Danbury Police, church to give hundreds of presents to families in need
DANBURY — As many as 200 Danbury families will be able to finish some last-minute holiday shopping on Saturday afternoon with the help of the Danbury Police and The Gathering Community Church.
Officers and church leaders have loaded the Jericho Partnership on Rose Street with hundreds of brand-name toys, dolls, sports supplies and games specifically for some of the children most in need this holiday season.
The third annual toy drive is one of the church’s biggest philanthropic events of the year and, with the help of the Fraternal Order of Police, they’re able to put presents under otherwise empty trees.
“It just keeps getting bigger every year,” said Rev. Wes Johnson II, who coordinates the drive for the church. “It’s so special to be able to provide these kids with a Christmas they maybe wouldn’t have.”
Earlier this week, officers unloaded dozens of boxes of toys and gifts at the partnership to prepare for the big day.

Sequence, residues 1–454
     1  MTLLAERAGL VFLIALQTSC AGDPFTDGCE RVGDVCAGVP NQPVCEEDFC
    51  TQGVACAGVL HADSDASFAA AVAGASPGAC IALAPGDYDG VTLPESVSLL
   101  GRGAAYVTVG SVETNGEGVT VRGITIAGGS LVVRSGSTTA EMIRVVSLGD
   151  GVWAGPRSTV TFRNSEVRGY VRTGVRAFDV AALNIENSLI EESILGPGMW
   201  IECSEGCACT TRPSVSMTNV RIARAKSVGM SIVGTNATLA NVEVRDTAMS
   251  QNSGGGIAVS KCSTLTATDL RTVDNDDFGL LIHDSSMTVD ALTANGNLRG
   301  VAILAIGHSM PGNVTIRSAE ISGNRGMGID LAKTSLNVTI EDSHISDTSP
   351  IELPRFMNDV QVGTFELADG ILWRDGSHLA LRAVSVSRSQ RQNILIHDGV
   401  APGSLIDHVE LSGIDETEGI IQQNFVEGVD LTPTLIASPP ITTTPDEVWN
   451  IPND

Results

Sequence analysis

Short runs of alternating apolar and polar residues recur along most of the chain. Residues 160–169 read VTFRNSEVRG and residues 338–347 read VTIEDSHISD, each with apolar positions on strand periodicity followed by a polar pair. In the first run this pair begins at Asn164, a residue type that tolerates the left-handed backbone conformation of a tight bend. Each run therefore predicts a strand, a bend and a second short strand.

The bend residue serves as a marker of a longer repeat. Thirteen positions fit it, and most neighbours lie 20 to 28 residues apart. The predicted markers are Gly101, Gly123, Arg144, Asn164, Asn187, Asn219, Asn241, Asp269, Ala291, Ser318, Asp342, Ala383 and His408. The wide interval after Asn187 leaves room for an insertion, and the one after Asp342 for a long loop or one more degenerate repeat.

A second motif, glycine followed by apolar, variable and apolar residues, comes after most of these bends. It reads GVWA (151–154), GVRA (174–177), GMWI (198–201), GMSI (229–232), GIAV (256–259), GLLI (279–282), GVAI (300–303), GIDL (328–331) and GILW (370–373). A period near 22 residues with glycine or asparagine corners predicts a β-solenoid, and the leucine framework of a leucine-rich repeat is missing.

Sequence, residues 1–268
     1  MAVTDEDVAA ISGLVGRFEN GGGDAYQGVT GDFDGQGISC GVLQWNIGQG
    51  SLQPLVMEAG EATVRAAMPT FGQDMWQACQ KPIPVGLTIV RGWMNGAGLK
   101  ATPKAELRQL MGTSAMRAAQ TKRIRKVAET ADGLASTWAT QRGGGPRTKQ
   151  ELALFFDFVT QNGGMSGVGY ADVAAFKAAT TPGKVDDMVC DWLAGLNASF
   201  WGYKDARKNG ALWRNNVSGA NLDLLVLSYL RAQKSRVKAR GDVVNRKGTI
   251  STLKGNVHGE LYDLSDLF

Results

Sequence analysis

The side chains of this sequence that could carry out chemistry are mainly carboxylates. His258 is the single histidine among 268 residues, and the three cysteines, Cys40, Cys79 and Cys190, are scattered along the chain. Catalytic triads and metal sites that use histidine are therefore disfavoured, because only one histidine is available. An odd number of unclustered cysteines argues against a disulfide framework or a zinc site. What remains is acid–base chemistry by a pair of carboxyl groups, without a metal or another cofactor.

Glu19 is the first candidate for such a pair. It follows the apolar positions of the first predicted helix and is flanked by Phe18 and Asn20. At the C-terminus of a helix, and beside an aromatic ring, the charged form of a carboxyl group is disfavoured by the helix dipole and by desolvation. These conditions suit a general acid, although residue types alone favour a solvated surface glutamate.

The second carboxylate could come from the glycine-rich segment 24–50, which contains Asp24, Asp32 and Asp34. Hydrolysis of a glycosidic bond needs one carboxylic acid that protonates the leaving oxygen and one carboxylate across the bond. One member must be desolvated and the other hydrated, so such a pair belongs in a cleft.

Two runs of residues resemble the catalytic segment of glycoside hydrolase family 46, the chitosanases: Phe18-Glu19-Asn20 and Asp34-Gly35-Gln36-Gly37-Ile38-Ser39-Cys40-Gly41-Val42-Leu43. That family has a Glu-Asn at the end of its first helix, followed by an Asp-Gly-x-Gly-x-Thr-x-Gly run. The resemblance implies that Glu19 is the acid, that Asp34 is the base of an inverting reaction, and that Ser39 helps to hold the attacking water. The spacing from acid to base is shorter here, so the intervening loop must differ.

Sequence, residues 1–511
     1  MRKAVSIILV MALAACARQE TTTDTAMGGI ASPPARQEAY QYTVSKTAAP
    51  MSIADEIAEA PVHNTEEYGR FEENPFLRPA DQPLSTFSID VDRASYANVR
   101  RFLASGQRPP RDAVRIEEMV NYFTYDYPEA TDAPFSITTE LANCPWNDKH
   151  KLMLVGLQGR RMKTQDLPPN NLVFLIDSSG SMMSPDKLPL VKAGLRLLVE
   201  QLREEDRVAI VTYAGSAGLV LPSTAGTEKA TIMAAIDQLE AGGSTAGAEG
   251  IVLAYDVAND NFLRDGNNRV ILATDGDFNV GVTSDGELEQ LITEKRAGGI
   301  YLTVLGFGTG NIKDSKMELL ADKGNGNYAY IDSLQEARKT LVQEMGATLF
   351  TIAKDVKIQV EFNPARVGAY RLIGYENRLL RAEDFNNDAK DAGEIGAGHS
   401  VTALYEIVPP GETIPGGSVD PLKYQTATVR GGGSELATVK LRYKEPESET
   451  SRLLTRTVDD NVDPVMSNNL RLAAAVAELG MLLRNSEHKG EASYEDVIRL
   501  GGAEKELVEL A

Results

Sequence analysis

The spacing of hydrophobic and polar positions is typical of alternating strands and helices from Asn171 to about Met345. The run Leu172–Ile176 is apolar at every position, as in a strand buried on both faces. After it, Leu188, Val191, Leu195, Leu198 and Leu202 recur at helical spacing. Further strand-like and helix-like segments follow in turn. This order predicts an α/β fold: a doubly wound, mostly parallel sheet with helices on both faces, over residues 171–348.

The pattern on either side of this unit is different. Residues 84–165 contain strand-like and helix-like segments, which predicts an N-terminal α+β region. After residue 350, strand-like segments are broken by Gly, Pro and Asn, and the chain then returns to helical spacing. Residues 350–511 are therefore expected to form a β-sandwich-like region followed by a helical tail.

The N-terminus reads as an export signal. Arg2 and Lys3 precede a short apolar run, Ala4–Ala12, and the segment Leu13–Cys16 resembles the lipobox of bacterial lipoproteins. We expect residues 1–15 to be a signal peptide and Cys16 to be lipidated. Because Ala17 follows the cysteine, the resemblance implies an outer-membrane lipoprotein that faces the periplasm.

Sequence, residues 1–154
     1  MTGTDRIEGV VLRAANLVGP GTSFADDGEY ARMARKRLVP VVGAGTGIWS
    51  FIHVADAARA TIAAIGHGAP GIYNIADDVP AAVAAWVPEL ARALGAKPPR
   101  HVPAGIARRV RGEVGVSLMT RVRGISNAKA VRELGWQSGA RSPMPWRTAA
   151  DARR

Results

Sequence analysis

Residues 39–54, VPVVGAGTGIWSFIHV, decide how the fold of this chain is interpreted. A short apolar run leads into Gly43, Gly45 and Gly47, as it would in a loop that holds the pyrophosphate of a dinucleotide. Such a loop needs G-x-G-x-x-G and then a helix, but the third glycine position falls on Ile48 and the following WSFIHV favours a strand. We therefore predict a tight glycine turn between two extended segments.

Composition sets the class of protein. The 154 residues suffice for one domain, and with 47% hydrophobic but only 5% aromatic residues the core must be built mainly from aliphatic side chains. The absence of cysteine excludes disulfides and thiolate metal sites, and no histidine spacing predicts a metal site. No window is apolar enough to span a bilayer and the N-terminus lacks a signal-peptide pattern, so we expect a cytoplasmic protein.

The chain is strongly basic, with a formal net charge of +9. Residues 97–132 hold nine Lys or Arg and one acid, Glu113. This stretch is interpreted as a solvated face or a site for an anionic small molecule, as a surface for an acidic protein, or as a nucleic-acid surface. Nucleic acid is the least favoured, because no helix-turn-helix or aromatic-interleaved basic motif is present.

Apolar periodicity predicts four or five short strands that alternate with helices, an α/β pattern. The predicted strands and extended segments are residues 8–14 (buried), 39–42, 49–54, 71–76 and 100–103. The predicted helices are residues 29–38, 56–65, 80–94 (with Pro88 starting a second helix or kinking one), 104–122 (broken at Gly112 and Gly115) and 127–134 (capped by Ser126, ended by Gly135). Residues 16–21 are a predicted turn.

They’ll be back at the partnership on Saturday afternoon to help the families pick through the inventory and celebrate the holiday, said Sgt. John Krupinsky, who coordinates the drive for the police department.
“The Rev. Wes and the church do such an amazing job over there, picking the families and setting it up,” Krupinsky said. “My job is just to bring the toys.”
Krupinsky, who is the local and state president of the Fraternal Order of Police, receives the donated toys each year through the chapter based in Philadelphia, which has the “hook up” to get the newest and most-coveted gifts each year, he said coyly.
He then returns the gifts in a box truck sleigh to set up for the families at Jericho, where officers will get to introduce themselves and build relationships with underrepresented parts of the community.
“The officers are amazing, they really are,” Johnson said earlier this month.
The department’s Police Explorer program for city youth also gathers and donates hundreds more toys through other local agencies, although this year’s closing of Toys R Us lightened the explorers’ haul, officers said.
“It’s very important for us to have a good relationship with our entire community, and these are the ways we do that,” Krupinsky said. “You can’t just talk, you have to take some action.
“This is probably my biggest program and my favorite thing to do when we’re dealing with community children who might not have a Christmas,” he continued. “Take all of the community service out of this, the most important thing about this is that little kids are getting Christmas.”